If anyone could be relied upon to capture the magic of one of children’s fiction’s most beloved stories it’s Steven Spielberg.
Following a string of more serious pictures, Spielberg returns to the type of family friendly cinema he is arguably most loved for.
Perhaps learning from the mistakes of his last foray into such territory – 2011’s The Adventures Of Tintin: The Secret Of The Unicorn – which was entirely computer generated and failed to escape from the dreaded uncanny valley, the bearded one instead has a human cast playing off a (literally) towering motion-captured performance by the great Mark Rylance and, to a lesser extent, a supporting cast of not-so-friendly giants led by Jermaine Clement’s Fleshlumpeater.
It’s fair to say that such technology has continued to evolve at a remarkable pace in the intervening years but, as Andy Serkis’ game-changing turn as Gollum in The Lord Of The Rings films demonstrated 15 years earlier, it’s the interplay between such characters that determines whether the audience is going to buy a 24ft giant interacting with a young girl.
The moment the film definitively answers that question comes near the start when, having spied the BFG late one night from the open window of the orphanage she calls home, Sophie (Ruby Barnhill) runs to her bed only to be smuggled away by the giant.
It’s a technically bravura sequence (lent typically enriching musical support from John Williams), full of potential threat, that acts as a springboard for the BFG’s breathless journey out of London (in which he pulls various shapes to trick passing pedestrians and motorists that he’s a lamppost, for instance) and away into Giant Country.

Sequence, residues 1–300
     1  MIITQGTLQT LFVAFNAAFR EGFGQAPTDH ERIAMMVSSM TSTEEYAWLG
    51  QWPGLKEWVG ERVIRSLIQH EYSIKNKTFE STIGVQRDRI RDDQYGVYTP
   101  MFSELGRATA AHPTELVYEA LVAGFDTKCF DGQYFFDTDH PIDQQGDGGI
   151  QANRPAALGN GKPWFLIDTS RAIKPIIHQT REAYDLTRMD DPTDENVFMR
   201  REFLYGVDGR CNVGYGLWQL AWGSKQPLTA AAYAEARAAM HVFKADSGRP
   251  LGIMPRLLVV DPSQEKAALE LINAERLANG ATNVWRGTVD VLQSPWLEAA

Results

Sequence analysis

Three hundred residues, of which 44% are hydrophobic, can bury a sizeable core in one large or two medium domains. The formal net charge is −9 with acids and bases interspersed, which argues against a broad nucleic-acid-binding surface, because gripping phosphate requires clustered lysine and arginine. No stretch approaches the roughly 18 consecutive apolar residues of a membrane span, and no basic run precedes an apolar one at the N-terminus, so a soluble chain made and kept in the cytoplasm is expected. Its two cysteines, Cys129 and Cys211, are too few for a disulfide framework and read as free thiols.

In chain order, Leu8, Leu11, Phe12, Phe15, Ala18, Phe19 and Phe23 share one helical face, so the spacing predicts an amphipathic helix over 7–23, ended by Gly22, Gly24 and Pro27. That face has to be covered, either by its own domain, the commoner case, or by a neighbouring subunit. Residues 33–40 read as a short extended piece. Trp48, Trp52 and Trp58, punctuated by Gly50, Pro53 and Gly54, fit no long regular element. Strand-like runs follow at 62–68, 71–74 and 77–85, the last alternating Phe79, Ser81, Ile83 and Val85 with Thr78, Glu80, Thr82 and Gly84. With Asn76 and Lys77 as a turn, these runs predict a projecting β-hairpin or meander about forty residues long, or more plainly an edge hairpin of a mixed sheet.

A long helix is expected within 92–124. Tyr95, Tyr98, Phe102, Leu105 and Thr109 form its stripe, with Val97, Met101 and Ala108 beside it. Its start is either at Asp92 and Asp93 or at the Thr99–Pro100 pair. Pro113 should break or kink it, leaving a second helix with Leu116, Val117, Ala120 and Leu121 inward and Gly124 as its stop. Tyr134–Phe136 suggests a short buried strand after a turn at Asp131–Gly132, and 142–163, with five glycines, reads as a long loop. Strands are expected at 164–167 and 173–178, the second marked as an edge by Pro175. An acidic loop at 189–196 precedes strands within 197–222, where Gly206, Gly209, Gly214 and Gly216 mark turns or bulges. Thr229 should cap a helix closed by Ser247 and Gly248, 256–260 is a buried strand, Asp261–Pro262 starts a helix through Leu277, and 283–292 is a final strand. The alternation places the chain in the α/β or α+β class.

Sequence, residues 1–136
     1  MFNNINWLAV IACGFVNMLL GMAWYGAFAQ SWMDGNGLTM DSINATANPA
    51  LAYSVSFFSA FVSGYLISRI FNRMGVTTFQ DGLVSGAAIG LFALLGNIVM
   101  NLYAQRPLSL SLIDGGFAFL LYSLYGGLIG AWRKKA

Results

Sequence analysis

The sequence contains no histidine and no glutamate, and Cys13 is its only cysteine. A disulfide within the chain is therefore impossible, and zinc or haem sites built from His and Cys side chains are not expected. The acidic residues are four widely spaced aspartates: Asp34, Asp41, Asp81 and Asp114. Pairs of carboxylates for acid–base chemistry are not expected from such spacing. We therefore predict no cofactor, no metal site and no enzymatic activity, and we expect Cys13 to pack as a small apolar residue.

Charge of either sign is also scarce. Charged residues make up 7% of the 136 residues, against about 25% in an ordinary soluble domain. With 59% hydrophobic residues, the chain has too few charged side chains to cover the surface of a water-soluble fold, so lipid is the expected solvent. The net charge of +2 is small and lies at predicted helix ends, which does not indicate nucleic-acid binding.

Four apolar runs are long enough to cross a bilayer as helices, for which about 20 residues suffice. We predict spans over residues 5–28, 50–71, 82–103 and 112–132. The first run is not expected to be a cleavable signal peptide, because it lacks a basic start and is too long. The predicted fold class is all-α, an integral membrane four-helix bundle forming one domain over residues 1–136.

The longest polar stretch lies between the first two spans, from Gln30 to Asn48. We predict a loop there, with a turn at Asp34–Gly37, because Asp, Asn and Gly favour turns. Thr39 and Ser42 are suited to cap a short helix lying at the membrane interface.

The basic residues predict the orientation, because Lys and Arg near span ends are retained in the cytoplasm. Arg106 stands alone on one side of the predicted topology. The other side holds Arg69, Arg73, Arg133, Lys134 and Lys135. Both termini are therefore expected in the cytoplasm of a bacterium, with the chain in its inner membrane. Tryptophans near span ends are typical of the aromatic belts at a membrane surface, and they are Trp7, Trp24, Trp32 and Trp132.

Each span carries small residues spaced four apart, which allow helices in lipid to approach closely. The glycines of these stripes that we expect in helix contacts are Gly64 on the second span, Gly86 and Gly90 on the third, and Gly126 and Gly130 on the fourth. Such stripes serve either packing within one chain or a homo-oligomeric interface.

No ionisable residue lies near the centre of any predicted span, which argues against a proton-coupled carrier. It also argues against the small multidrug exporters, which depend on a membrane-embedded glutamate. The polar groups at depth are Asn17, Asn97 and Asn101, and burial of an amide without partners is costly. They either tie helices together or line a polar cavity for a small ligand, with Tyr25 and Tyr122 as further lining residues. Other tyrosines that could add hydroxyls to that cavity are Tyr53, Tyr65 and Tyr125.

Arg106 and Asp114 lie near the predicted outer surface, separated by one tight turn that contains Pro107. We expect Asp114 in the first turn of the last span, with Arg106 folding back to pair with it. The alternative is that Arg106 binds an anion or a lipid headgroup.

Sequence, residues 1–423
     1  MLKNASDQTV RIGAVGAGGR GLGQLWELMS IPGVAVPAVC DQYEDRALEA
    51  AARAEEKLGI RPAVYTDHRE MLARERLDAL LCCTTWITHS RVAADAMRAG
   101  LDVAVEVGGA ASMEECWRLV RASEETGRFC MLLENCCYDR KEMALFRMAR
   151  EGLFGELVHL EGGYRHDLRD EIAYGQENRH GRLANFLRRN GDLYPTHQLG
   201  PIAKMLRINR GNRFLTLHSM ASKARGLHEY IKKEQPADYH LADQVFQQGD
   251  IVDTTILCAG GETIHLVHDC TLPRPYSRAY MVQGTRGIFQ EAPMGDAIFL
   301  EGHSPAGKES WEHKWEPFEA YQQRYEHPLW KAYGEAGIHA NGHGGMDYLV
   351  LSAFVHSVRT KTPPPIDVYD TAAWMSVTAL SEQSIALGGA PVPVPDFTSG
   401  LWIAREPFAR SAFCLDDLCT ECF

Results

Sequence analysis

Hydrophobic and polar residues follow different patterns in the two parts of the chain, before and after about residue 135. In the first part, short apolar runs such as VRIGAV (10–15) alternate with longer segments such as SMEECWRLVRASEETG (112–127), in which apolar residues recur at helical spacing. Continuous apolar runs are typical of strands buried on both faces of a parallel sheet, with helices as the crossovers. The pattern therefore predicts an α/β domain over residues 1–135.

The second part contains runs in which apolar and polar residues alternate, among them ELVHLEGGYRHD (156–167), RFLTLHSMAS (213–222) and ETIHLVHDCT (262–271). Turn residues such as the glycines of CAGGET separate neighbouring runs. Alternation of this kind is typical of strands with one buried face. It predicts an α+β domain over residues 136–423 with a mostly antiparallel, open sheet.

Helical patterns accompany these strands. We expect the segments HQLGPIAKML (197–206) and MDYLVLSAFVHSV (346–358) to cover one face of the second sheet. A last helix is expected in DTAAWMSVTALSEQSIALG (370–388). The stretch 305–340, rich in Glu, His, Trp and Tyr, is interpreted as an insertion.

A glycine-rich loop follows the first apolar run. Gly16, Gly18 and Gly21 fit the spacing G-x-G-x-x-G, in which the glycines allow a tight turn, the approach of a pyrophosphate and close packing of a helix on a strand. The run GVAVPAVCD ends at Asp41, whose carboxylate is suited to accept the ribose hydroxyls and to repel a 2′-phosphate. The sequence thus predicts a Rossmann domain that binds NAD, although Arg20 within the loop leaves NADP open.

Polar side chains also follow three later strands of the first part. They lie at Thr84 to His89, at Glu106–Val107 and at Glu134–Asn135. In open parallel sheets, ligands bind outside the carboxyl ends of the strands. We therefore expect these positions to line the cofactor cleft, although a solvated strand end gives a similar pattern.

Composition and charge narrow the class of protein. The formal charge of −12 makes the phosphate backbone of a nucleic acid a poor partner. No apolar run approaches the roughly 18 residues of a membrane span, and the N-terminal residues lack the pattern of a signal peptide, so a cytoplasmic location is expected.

The BFG, Sophie learns, is a dreamcatcher whose kindness and benevolence is in stark contrast to the “boys” – child-eating giants who pick on the “runt” and suspect he is hiding a human. Determined to stop the gang from helping themselves to more hapless youngsters, Sophie realises that she and the BFG must go straight to the Queen if they are going to stop them.
Roald Dahl’s stories have remained so beloved by kids the world over because they resolutely refuse to treat their target audience as small-minded children. In Dahl’s fiction, magic and danger exist side by side and his feisty young heroes are more than capable of thinking for themselves.
Featuring a lovingly crafted screenplay by the late Melissa Mathison (whose previous collaboration with the bearded one, 1982’s E.T. The Extra Terrestrial, shares many The BFG‘s qualities), Spielberg is simpatico with Dahl’s sensibilities, which begs the question of why it’s taken so long for him to adapt one of the writer’s works.
The film perhaps spends a little too long establishing the relationship between the giant and Sophie (a curious complaint I appreciate bearing in mind the strength of both performances), while the special effects involving Sophie being transported in the BFG’s hand or evading the other giants feel a bit weightless. The final confrontation between the “boys” and a fleet of helicopters sent by Her Majesty is also a little underwhelming.
However, The BFG really comes into its own during the enchanting sequence in Dream Country and the potential stumbling block of the final act encounter between the Queen (the always wonderful Penelope Wilton), the BFG and Sophie (it’s arguably the weakest part of the book) which is handled with mastery and not a little hilarity as the whizzpopping effects of the giant’s fizzy frobscottle drink affects even the corgis.
The previously unknown Barnhill is lovely as the wide-eyed young girl whose wish to be taken care of is granted by a giant with his own unique version of English language, but it is Rylance who breathes warmth and an ageless kindness into the titular role and gives a performance equal in stature to his Oscar-winning turn in Spielberg’s previous movie Bridge Of Spies.
Dahl famously hated virtually every adaptation of his books – had he lived to see Spielberg’s take on The BFG he would surely have deemed it scrum diddly umptious.